On Linux there is the iwlist command, which if ran as root will sniff for all available networks available and report them with an awfull lot of information. Try running this as root, or using sudo (given you are using wifi and you are using wlan0 as wifi device:

sudo iwlist wlan0 scan

Oops, that IS a lot of info isn’t it?

So let’s use some python code to clean that up and morph it to some json. The following code can be used to pipe the iwlist output into it and will show you the json, AND post it to give url. As api key you can ‘test’ for the time being. If you are developing a real application, get a key yourself.:

import fileinput
import json
import requests

postdata = {}
ifaces = []
postdata['wifiAccessPoints'] = ifaces

for line in fileinput.input():
    if "Address" in line:
        iface = {}
        key = line.split('Address: ')[1].strip()
        iface['macAddress'] = key
    if "dBm" in line:
        signal = line.split('level=')[1].strip().replace(' dBm', '')
        iface['signalStrength'] = int(signal)
    if "ESSID" in line:
        essid = line.split(':')[1].strip().replace('"', '')
        #iface['essid'] = essid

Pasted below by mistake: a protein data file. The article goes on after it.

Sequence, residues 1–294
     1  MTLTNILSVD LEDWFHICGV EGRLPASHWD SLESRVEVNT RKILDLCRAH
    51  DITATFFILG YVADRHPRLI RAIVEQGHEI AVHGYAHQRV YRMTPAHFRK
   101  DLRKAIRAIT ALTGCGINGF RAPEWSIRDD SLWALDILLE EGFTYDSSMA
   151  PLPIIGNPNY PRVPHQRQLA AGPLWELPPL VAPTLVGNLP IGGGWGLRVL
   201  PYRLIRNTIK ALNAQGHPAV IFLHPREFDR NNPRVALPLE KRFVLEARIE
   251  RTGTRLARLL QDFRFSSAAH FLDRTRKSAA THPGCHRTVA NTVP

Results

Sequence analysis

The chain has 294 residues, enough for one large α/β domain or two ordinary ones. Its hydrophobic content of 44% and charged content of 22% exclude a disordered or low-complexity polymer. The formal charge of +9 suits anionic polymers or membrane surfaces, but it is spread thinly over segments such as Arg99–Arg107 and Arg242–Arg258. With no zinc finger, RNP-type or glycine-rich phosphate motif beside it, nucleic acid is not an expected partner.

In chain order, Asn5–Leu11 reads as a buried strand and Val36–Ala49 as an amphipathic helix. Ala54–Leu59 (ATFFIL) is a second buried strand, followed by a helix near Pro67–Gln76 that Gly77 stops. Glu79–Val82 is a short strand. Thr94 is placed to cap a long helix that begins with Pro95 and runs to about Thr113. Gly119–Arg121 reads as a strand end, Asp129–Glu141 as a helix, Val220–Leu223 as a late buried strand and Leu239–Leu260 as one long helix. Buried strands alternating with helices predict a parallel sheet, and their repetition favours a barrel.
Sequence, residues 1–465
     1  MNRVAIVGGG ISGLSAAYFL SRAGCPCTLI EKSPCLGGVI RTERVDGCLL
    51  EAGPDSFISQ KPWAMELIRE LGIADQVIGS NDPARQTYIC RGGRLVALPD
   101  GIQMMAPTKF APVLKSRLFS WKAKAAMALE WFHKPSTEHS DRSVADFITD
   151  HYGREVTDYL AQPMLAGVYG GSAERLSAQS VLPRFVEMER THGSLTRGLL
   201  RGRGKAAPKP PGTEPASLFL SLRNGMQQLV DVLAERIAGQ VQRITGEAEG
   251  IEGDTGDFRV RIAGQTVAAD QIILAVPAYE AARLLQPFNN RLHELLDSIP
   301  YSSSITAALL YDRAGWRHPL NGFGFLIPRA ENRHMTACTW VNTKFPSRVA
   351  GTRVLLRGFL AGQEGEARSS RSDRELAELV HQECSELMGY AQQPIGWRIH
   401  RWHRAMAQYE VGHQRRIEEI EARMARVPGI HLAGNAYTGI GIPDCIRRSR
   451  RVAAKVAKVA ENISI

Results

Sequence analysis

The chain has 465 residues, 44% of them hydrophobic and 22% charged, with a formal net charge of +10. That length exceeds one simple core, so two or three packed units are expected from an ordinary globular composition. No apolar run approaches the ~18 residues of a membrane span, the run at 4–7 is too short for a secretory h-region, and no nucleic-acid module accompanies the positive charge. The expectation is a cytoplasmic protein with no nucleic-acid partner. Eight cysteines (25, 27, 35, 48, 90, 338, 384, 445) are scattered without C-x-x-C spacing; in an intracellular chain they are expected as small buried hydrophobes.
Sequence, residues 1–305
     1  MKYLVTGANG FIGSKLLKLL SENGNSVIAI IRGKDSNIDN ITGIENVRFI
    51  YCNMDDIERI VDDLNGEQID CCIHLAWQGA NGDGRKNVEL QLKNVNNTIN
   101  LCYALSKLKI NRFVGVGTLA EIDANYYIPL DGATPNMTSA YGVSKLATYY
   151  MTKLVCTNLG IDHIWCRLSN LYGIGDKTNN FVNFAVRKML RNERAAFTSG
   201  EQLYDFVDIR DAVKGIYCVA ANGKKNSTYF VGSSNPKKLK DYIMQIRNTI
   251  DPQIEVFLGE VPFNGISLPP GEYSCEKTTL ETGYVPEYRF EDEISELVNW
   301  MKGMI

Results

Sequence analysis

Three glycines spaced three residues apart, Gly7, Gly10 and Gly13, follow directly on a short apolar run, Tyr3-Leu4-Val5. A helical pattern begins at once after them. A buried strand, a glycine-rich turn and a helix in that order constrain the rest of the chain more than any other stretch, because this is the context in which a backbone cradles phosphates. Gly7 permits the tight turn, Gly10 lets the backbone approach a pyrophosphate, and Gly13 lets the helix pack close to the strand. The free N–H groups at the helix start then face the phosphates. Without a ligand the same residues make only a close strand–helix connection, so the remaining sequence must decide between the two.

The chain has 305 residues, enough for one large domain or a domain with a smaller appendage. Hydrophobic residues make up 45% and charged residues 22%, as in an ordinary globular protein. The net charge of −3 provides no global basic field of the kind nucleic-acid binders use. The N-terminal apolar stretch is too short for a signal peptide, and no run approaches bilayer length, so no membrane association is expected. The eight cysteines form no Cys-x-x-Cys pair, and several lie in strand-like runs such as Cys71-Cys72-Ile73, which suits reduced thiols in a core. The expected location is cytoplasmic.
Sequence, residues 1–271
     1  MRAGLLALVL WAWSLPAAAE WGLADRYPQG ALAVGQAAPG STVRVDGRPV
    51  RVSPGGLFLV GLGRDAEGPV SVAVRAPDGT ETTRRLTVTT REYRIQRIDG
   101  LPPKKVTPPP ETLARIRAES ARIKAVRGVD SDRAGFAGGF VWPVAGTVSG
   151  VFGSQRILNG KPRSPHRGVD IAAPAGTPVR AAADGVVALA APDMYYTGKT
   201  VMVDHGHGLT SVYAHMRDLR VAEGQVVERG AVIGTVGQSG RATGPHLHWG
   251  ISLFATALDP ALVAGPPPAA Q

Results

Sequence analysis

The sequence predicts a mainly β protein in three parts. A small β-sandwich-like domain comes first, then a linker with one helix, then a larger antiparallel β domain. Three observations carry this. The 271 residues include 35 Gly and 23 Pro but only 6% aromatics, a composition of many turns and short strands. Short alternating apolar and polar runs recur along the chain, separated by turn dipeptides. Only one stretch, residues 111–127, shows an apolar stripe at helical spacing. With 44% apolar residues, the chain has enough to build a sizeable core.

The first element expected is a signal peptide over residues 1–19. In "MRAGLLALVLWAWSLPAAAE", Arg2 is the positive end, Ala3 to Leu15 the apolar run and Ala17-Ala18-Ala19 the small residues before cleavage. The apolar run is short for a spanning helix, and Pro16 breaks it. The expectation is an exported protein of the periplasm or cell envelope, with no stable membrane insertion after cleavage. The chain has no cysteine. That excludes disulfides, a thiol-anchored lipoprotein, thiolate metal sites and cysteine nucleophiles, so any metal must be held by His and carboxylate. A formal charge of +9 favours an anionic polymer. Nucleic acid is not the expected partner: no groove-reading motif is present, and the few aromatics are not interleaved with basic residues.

# sort the wifi points based on signalStrength (smaller = better)
    key=lambda x: x['signalStrength'], reverse=True)

# to only sent the 3 stronges access points
del postdata['wifiAccessPoints'][3:]

# url = 'https://www.googleapis.com/geolocation/v1/geolocate?key=%GOOGLE_API_KEY%'
# pfff that is just too difficult to registre for that ^ key....
url = 'https://location.services.mozilla.com/v1/geolocate?key=test'
print "POSTING to %s" % url
print json.dumps(postdata, sort_keys=True, indent=4, separators=(',', ': '))
r = requests.post(url, data=json.dumps(postdata))

print "ANSWER:"
print r.text

Save the above as wifi.py, and make sure you have the modules fileinput and requests available.

Now this command in a terminal:

sudo iwlist wlan0 scan | python wifi.py

Will give you your location.

My plan was to try out some different situations, like varying the number of AP’s, or fiddling with the signalStrenght values and maybe compare that to Google using the exact same values. But as said earlier: Google makes it just too difficult for me, and second.. I tried, but I think that the localisation algorithm is not on full speed yet, as for example the signal strenght seems not to be taken into account...

Anybody very much into this and having time to invest in this project? It would be great if this becomes a success just like OSM! Go and download MozStumbler or FxStumbler if you have a FirefoxOS phone...


Note that from the FAQ of mozilla it is not 100% clear IF they are going to make the data available as download. But I think it would be silly to NOT do this.

Mozilla states that there is privacy data in their raw data. But that can be easily removed? A dump, only containing BSSID’s and their approximate location, is indeed giving people more information about a requester then before, but as this info (plus more) is already available via commercial providers I think it is ok to do this (you can add ‘_nomap’ to your ESSID to make the scanners know you do NOT want to use your location).